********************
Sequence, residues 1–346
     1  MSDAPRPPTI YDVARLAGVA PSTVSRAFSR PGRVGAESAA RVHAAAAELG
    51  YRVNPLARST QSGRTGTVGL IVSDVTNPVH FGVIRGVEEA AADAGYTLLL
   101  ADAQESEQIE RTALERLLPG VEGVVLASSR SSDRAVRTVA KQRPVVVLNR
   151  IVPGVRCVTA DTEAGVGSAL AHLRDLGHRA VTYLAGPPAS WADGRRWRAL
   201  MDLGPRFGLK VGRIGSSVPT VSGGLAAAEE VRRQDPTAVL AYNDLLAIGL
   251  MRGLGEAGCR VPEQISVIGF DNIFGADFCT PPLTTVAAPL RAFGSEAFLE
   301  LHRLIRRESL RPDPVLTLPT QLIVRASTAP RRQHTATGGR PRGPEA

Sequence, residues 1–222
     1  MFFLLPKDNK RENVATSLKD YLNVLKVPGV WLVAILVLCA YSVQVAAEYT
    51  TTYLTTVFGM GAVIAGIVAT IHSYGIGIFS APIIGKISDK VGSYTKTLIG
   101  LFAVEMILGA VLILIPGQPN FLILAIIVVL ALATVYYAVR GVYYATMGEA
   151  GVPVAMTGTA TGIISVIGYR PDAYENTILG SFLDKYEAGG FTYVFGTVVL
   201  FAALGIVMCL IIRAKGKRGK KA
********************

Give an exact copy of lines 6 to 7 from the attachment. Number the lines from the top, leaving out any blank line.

   201  MDLGPRFGLK VGRIGSSVPT VSGGLAAAEE VRRQDPTAVL AYNDLLAIGL
   251  MRGLGEAGCR VPEQISVIGF DNIFGADFCT PPLTTVAAPL RAFGSEAFLE